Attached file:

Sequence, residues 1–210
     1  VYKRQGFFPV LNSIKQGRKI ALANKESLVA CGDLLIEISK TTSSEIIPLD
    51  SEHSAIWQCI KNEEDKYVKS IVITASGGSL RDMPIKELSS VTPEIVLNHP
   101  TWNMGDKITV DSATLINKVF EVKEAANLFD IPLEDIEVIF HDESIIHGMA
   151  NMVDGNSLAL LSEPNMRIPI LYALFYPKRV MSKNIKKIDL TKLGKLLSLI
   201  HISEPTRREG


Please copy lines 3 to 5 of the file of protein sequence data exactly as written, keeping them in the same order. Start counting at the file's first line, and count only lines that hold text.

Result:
    51  SEHSAIWQCI KNEEDKYVKS IVITASGGSL RDMPIKELSS VTPEIVLNHP
   101  TWNMGDKITV DSATLINKVF EVKEAANLFD IPLEDIEVIF HDESIIHGMA
   151  NMVDGNSLAL LSEPNMRIPI LYALFYPKRV MSKNIKKIDL TKLGKLLSLI